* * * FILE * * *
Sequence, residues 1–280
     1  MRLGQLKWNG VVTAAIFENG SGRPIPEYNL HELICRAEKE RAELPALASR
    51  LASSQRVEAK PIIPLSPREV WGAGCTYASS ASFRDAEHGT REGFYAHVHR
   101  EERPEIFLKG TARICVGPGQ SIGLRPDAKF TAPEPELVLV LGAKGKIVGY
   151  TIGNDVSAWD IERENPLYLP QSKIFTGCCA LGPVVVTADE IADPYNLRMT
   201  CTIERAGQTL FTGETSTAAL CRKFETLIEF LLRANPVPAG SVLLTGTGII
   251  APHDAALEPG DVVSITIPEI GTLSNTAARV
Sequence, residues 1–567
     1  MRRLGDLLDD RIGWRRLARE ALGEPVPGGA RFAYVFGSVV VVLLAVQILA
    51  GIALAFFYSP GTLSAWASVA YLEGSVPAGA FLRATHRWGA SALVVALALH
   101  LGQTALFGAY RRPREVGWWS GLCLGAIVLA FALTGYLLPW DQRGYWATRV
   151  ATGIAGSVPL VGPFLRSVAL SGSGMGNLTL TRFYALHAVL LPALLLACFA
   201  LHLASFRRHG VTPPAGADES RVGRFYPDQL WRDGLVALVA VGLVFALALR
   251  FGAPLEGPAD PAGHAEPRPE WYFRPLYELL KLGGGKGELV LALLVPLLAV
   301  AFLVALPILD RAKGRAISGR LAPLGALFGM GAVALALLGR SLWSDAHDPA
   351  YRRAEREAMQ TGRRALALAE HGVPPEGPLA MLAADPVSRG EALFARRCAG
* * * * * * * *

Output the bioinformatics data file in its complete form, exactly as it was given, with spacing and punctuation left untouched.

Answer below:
Sequence, residues 1–280
     1  MRLGQLKWNG VVTAAIFENG SGRPIPEYNL HELICRAEKE RAELPALASR
    51  LASSQRVEAK PIIPLSPREV WGAGCTYASS ASFRDAEHGT REGFYAHVHR
   101  EERPEIFLKG TARICVGPGQ SIGLRPDAKF TAPEPELVLV LGAKGKIVGY
   151  TIGNDVSAWD IERENPLYLP QSKIFTGCCA LGPVVVTADE IADPYNLRMT
   201  CTIERAGQTL FTGETSTAAL CRKFETLIEF LLRANPVPAG SVLLTGTGII
   251  APHDAALEPG DVVSITIPEI GTLSNTAARV
Sequence, residues 1–567
     1  MRRLGDLLDD RIGWRRLARE ALGEPVPGGA RFAYVFGSVV VVLLAVQILA
    51  GIALAFFYSP GTLSAWASVA YLEGSVPAGA FLRATHRWGA SALVVALALH
   101  LGQTALFGAY RRPREVGWWS GLCLGAIVLA FALTGYLLPW DQRGYWATRV
   151  ATGIAGSVPL VGPFLRSVAL SGSGMGNLTL TRFYALHAVL LPALLLACFA
   201  LHLASFRRHG VTPPAGADES RVGRFYPDQL WRDGLVALVA VGLVFALALR
   251  FGAPLEGPAD PAGHAEPRPE WYFRPLYELL KLGGGKGELV LALLVPLLAV
   301  AFLVALPILD RAKGRAISGR LAPLGALFGM GAVALALLGR SLWSDAHDPA
   351  YRRAEREAMQ TGRRALALAE HGVPPEGPLA MLAADPVSRG EALFARRCAG